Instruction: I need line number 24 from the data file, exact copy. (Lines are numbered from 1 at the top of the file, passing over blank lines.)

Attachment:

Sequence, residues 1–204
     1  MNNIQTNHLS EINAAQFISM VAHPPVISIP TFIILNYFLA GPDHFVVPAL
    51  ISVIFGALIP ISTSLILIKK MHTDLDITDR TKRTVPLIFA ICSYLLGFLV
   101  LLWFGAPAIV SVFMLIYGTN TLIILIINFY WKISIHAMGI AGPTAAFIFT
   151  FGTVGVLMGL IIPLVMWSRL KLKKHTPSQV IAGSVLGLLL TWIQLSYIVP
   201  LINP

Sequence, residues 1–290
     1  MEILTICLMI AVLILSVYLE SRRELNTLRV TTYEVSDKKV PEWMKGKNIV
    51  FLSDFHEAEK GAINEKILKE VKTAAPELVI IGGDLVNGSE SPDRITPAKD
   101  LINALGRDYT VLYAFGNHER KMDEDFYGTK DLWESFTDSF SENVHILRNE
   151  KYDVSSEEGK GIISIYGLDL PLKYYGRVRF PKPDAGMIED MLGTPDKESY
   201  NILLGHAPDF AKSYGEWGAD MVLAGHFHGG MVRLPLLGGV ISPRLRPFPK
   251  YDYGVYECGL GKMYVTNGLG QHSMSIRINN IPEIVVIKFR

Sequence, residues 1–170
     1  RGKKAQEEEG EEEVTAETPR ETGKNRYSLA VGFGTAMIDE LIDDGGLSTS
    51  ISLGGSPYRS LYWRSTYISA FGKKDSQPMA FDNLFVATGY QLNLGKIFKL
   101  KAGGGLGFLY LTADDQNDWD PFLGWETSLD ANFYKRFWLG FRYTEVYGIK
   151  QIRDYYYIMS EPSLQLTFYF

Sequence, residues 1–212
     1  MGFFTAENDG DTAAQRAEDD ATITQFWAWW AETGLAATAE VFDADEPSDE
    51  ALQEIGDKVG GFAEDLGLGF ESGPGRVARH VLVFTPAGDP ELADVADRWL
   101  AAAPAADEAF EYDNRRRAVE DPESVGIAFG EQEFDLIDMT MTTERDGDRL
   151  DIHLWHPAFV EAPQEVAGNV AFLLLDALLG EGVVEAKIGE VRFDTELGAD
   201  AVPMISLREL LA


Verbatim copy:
   201  AVPMISLREL LA